Warner Bros. has reached into the past and brought back to life the story of the cursed Barnabas Collins and his family in their new release, Dark Shadows, which opens today (May 11) in theaters nationwide.
Once a television soap opera type series in the 1960s, Dark Shadows is the story of the wealthy Collins family that leaves the Old World for the New World in the 18th century to broaden their riches by starting a fishing business in Maine. As the family prospers, the Collins family builds an amazing 200-room palace dubbed Collinwood Manor, and due to their business being the main source of income in their area, the city is named Collinsport.
Young Barnabas Collins, enjoying the fruits of his family's wealth, galavants around Collinsport as the town's playboy. Unfortunately for Barnabas, he becomes romantically involved with a young female servant of the house and breaks her heart. Why is this bad? Well, it turns out that the young maid is also secretively a very powerful witch. So powerful, that she causes Barnabas' parents to die in an “accident” and puts a spell on his new love, Josette, that makes her leap off of a steep cliff to her death. If that isn't punishment enough for the heartbreak, the young witch also puts a spell on Barnabas that turns him in to a vampire, and leads the town in condemning him to a chained coffin in which he's buried alive.
Fast forward 200 years later, Barnabas is freed from his grave and returns to Collinsport in the “groovy” 1970s and sets to return his family (distant relatives that took over Collinwood Manor) to prominence. Johnny Deep, who has a history of choosing odd roles, once again teams up with director Tim Burton who has a history of choosing to make odd movies. It's the duo's eighth movie together, in fact. So how does Dark Shadows fare under them? To be honest, it is a very ridiculous story, but Depp and Burton use that to their advantage to create a humorous two-hour experience.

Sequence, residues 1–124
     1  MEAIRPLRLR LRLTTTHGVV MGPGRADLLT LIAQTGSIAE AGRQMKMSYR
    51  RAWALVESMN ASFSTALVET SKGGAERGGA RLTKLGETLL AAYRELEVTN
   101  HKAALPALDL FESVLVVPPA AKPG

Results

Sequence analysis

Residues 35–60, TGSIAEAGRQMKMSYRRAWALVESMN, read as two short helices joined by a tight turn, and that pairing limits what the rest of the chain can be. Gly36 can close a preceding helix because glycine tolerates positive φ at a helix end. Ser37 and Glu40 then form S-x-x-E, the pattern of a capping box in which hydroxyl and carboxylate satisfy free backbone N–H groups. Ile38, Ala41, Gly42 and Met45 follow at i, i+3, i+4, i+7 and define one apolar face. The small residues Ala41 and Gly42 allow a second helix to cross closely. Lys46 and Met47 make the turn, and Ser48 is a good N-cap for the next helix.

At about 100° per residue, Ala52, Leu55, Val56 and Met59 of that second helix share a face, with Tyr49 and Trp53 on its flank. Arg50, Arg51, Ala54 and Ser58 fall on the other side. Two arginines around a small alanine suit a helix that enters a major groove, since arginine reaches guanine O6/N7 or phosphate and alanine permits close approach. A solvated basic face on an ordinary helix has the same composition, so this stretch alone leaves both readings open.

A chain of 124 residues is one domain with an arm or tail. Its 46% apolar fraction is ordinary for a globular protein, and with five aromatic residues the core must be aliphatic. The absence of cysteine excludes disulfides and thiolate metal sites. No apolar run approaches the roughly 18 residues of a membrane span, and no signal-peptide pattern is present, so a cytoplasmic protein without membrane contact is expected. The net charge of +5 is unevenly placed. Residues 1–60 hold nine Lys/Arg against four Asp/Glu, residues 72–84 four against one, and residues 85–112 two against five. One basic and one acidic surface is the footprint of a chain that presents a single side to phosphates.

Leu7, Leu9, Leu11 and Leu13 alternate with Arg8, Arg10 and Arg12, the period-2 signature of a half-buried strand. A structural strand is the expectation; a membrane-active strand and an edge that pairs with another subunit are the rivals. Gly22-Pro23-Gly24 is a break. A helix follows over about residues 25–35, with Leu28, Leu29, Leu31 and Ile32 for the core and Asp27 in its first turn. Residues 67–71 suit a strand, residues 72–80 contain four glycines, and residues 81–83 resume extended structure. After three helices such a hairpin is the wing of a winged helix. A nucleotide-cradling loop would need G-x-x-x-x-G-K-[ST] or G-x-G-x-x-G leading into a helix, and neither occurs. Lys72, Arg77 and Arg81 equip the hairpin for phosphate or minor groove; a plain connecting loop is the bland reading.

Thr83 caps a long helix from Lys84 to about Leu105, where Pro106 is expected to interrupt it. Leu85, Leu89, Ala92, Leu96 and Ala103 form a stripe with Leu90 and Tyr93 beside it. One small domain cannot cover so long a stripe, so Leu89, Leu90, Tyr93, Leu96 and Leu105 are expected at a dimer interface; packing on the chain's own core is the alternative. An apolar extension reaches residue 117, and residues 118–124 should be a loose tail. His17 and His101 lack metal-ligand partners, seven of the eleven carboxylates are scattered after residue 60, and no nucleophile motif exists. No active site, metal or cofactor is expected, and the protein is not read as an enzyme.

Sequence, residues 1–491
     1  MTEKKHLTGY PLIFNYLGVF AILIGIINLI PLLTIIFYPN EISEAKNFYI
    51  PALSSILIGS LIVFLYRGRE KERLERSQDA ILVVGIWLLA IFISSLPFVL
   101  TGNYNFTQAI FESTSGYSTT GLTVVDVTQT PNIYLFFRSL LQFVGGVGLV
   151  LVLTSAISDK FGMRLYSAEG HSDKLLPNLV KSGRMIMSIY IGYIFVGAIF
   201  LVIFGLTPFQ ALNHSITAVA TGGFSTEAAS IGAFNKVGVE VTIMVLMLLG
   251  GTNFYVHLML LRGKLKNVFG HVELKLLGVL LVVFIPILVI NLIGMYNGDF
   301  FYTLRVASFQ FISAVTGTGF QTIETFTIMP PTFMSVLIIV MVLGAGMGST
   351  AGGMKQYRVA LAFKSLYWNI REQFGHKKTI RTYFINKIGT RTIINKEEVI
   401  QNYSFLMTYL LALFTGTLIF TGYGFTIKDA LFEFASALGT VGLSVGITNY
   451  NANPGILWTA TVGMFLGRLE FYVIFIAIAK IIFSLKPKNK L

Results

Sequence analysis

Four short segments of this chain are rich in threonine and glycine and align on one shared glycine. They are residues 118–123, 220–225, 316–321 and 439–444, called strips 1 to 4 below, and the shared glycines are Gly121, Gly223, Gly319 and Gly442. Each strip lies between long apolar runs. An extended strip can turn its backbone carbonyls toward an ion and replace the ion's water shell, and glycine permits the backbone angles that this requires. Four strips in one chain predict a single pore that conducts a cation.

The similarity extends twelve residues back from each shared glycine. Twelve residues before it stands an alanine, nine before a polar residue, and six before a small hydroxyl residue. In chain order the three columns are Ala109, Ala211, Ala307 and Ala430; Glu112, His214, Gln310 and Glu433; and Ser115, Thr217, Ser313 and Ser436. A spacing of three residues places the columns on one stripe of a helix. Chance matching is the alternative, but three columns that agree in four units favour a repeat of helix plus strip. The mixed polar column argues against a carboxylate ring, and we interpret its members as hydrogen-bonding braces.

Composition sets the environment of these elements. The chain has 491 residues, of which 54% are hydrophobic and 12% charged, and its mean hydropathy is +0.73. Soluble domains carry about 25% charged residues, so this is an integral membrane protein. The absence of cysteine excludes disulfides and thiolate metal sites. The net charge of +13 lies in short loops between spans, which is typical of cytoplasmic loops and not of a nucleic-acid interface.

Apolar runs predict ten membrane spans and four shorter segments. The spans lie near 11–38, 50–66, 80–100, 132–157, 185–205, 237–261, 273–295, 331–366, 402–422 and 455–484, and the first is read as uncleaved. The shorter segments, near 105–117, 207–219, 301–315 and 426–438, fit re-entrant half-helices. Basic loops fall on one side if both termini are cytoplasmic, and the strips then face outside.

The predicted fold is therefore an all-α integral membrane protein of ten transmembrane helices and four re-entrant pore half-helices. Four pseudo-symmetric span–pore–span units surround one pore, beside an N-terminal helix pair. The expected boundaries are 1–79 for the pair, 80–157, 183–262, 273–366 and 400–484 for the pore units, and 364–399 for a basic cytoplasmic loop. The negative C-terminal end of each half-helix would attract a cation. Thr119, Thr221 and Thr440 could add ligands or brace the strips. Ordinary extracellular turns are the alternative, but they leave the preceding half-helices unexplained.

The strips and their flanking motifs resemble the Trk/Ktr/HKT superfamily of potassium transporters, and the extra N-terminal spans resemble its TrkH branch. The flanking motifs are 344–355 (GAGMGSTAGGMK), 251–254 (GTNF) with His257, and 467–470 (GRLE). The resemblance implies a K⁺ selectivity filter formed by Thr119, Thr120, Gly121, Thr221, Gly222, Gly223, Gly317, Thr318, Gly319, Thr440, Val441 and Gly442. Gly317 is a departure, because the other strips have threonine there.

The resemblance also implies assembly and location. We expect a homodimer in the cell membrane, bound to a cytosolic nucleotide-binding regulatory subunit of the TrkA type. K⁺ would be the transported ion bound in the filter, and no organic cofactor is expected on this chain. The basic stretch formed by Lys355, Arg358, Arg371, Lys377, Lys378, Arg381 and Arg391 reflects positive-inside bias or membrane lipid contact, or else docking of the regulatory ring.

The makeup heavy Depp (a la "Edward Scissorhands") gives Barnabas Collins a touch of charm as the vampire rediscovers life, love, and vengeance in the '70s. Helena Bonham Carter, also one for odd roles and a frequent collaborator of Burton films, brings delightful life to her role as Dr. Julia Huffman, the family psychiatrist. Without Depp and Bonham Carter, the movie wouldn't survive, as they are truly experienced in giving strange characters the right amount of charm, humor, and drama.
Another standout is the young Chloe Grace Mortez who plays Carolyn, the rebellious teen of the house. Although a 15-year-old playing a rebellious teen isn't too much of a stretch, Chloe (who was marvelous as "Hit-Girl" in the Kick-Ass movie) does a good job of bringing teen angst to the '70s hippie-era Carolyn. Michelle Pfeiffer has some decent moments as Elizabeth Collins Stoddard, the current family matriarch, as well as Eva Green as the witch and antagonist of the movie.
Director Tim Burton also does a splendid job of visually capturing the feel of both 18th and 20th Century of coastal New England, and musical director Danny Elfman scores the movie with music from the likes of Curtis Mayfield, The Carpenters, and Alice Cooper to give it a broad '70s feel. I found Dark Shadows to be a fun and pleasant movie, and I feel that most audience members will, too, if they can allow themselves to get past some of the oddness and even ridiculous elements of the story.